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Folklore can be described as traditional art, literature, knowledge, and practices that are passed on in large part through oral communication and example.<ref name=afs>"What is Folklore?", American Folklore Society</ref> The information thus transmitted expresses the shared ideas and values of a particular group. British antiquarian William Thoms is generally credited with coining the term "folklore" in 1846.<ref>{{#invoke:citation/CS1|citation |CitationClass=book }}</ref> As an academic discipline folklore shares methods, and insights with literature, anthropology, art, music, history, linguistics, philosophy, and mythology. Elliott Oring states that folklore is that part of culture that lives happily ever after.<ref name=Barre>Toelken, Barre. The Anguish of Snails, Utah State University Press, 2003, ISBN 0-87421-555-2</ref> Folkloristics is the academic study of folklore.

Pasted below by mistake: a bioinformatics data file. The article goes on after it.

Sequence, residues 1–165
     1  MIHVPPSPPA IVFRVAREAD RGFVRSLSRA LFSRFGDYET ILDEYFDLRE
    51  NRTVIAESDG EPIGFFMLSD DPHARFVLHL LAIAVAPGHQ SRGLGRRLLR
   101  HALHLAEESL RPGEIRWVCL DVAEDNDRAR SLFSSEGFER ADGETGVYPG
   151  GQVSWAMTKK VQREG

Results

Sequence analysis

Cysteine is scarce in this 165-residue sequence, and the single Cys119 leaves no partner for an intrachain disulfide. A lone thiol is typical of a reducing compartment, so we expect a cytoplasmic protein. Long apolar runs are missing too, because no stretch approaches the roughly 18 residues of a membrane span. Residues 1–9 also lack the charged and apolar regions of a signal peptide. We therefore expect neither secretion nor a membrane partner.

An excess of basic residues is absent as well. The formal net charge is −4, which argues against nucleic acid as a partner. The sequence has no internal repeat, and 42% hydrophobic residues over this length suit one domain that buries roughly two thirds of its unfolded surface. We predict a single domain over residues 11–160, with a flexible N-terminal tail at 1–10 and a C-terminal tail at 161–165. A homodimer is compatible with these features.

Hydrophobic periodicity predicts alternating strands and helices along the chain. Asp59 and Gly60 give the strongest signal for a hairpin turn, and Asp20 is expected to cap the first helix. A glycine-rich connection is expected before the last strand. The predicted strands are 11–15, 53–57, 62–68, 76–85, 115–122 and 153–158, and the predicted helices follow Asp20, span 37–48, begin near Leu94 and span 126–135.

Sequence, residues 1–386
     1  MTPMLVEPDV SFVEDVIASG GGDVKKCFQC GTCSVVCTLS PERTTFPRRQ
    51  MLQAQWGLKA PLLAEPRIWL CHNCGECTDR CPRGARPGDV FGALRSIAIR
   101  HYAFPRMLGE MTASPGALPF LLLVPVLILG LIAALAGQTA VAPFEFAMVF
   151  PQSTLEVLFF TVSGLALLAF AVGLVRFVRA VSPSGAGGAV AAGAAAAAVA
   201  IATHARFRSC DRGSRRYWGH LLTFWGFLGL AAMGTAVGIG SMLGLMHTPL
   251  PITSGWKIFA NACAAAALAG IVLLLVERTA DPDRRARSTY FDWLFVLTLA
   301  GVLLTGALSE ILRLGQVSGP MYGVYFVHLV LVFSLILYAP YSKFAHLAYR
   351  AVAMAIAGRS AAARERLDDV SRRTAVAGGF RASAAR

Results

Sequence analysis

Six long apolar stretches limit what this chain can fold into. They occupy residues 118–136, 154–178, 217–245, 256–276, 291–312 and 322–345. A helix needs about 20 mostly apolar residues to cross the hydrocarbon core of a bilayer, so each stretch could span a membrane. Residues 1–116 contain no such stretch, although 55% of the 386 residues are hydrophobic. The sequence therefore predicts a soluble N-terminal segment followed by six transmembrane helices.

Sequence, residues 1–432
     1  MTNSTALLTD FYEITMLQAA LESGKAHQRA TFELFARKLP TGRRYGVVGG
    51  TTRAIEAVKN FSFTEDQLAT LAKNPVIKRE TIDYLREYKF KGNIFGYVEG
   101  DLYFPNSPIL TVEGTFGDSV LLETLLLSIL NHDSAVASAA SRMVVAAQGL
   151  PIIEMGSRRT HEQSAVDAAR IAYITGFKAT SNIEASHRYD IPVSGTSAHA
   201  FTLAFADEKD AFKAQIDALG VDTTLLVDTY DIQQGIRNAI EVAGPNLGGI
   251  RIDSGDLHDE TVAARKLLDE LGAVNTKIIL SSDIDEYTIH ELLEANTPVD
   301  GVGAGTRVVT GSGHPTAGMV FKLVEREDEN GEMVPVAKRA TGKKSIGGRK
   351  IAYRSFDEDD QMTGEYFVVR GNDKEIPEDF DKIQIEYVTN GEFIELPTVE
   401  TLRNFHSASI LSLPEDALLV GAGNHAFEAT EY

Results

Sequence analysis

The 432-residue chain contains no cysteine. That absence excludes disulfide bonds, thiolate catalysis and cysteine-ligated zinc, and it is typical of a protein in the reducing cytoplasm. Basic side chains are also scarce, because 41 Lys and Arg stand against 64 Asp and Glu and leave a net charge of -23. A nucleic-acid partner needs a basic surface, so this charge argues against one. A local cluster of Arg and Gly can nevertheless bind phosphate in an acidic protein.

Folklore sections
Intro  Characteristics  Genres  Categories of folklore  See also  References  Further reading  

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